He had secured consideration and respect in 1776 by serving on the committee that drafted the first Constitution of Virginia and the Virginia Declaration of Rights. He also was an elected representative to the Virginia House of Delegates and the Continental Congress. All this led up to his appearance at the Constitutional Convention, which would go on to cement his name in the history of new America.
At Madison and other’s prompting, a national convention was called in 1787, to be held in Philadelphia. A early contribution that changed the validity of the convention was persuading George Washington to attend, since he knew how important the future president would be to the adoption of a constitution. Madison was also one of the first delegates to arrive, which was a conscientious decision. While waiting for the convention to begin, Madison wrote what became known as the Virginia Plan. The Virginia Plan would become the earliest stages of what would become the United States Constitution.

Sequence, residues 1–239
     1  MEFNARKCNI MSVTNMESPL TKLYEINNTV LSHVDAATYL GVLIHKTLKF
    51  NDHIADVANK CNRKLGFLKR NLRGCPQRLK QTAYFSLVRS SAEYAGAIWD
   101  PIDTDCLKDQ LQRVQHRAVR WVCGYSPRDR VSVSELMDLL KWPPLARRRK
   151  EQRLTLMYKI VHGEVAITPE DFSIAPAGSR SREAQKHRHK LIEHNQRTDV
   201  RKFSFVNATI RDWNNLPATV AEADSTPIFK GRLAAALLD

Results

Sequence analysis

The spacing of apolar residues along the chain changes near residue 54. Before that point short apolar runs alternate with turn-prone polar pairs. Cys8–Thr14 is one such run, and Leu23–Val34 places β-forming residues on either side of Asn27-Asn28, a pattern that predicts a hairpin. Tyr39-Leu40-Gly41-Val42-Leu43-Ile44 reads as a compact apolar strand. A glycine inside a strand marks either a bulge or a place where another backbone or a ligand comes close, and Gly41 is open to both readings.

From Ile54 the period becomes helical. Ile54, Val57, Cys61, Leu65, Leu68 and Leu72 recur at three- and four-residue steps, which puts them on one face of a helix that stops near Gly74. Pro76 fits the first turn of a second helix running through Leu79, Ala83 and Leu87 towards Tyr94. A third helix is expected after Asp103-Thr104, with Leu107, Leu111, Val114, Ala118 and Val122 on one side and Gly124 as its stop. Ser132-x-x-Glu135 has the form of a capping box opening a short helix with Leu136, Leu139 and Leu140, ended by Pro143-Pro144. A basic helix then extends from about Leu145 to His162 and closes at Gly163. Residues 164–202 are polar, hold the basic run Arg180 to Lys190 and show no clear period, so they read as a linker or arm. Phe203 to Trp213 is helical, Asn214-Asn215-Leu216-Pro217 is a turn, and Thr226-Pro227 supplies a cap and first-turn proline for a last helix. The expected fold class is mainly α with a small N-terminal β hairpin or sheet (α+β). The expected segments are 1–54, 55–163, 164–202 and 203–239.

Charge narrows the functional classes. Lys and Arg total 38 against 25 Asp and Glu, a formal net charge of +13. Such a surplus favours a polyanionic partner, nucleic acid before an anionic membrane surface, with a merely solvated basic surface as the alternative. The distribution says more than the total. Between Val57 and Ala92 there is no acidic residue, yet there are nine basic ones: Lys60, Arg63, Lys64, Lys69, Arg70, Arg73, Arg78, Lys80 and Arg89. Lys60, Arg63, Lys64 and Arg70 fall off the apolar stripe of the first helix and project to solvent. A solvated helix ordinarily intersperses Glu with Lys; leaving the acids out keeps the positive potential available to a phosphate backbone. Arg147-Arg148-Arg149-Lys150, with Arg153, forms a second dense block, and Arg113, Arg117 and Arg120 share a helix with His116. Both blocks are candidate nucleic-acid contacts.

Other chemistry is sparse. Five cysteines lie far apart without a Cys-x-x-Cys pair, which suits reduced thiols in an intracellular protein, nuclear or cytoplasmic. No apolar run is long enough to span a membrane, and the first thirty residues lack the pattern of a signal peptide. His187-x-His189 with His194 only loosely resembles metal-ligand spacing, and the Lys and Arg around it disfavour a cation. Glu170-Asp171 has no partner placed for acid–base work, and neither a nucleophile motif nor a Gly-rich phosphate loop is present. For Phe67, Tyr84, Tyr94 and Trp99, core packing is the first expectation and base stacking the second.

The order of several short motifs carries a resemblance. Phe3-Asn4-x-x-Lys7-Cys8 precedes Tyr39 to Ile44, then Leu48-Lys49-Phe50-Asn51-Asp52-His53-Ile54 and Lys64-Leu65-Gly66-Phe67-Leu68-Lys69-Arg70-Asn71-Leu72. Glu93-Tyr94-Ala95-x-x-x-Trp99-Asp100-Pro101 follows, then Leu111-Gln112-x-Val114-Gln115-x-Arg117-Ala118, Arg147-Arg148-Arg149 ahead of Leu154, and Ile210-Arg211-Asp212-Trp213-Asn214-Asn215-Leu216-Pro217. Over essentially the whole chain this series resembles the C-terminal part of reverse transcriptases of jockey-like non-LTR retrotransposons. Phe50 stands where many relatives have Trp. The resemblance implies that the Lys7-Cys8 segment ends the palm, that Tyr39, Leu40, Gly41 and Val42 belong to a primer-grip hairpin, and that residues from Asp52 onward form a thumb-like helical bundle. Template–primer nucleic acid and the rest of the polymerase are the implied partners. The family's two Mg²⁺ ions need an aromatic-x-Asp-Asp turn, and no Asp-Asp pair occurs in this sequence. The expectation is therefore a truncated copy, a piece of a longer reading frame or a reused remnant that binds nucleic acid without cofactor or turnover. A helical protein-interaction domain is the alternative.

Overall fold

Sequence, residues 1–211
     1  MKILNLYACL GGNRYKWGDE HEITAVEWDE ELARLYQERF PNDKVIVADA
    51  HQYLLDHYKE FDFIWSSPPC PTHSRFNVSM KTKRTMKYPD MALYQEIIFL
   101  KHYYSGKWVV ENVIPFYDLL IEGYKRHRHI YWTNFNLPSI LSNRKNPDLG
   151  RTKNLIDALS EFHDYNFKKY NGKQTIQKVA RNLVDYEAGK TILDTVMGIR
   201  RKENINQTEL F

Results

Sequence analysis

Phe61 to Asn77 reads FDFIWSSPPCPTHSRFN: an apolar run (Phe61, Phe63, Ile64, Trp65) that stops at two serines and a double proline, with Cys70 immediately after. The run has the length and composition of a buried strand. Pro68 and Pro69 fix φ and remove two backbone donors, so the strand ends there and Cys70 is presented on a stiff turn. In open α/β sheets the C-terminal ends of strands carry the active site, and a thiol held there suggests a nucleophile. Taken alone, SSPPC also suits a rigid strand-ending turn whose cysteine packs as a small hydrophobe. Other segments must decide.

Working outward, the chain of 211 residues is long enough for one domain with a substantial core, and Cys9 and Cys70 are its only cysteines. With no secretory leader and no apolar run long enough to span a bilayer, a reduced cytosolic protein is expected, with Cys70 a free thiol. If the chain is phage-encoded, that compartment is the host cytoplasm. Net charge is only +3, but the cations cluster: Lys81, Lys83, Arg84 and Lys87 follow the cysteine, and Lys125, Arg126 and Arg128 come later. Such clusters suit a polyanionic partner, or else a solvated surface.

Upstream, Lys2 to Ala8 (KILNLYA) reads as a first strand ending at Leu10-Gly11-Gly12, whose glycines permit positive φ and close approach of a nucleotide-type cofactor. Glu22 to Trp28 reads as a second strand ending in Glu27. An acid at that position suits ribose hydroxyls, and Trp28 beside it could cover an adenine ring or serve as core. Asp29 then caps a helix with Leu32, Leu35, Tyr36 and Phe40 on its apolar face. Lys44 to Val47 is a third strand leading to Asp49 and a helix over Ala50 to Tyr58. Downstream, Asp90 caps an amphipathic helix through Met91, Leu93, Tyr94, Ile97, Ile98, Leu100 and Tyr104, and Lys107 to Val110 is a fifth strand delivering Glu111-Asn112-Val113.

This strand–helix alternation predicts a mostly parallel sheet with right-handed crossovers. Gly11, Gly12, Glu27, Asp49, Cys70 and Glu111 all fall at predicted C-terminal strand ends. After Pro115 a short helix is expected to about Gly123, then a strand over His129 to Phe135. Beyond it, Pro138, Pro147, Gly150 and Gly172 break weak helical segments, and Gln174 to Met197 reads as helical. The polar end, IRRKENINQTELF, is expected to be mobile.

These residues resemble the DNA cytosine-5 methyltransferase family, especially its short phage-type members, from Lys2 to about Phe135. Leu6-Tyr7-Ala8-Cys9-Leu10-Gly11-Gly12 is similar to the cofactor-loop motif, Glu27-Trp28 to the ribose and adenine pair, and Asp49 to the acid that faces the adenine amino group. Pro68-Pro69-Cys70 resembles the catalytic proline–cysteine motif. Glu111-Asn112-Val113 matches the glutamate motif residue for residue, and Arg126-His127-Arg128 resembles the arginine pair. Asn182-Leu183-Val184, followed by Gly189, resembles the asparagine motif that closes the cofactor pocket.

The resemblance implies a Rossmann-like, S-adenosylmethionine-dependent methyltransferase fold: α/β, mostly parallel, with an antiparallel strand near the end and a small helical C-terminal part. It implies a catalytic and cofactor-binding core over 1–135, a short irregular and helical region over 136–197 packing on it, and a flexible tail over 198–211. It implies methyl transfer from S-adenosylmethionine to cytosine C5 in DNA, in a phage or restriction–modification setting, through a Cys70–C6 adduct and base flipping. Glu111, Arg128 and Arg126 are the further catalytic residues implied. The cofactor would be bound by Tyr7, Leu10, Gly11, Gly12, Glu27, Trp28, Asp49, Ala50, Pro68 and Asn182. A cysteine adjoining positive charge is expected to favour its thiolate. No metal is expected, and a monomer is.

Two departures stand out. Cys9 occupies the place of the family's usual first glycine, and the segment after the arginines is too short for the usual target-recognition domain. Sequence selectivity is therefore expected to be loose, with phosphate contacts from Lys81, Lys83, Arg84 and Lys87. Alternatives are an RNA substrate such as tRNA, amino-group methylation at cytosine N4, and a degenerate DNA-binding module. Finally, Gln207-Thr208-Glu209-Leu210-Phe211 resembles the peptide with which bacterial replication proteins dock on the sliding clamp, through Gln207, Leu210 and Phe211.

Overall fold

James Madison arrived in Philadelphia to attend the Constitutional Convention on May 3, 1787. The convention was organized to debate the structure of the United States government. Madison was only 36 years old, but already with an enviable reputation.
Prior to the Constitutional convention, Madison undertook an comprehensive study of government structures of previous societies, both successful and not. From writings and books on previous republics sent to him by Thomas Jefferson, Madison sought to discover how governments were created, how they thrived, or how they failed. What he found...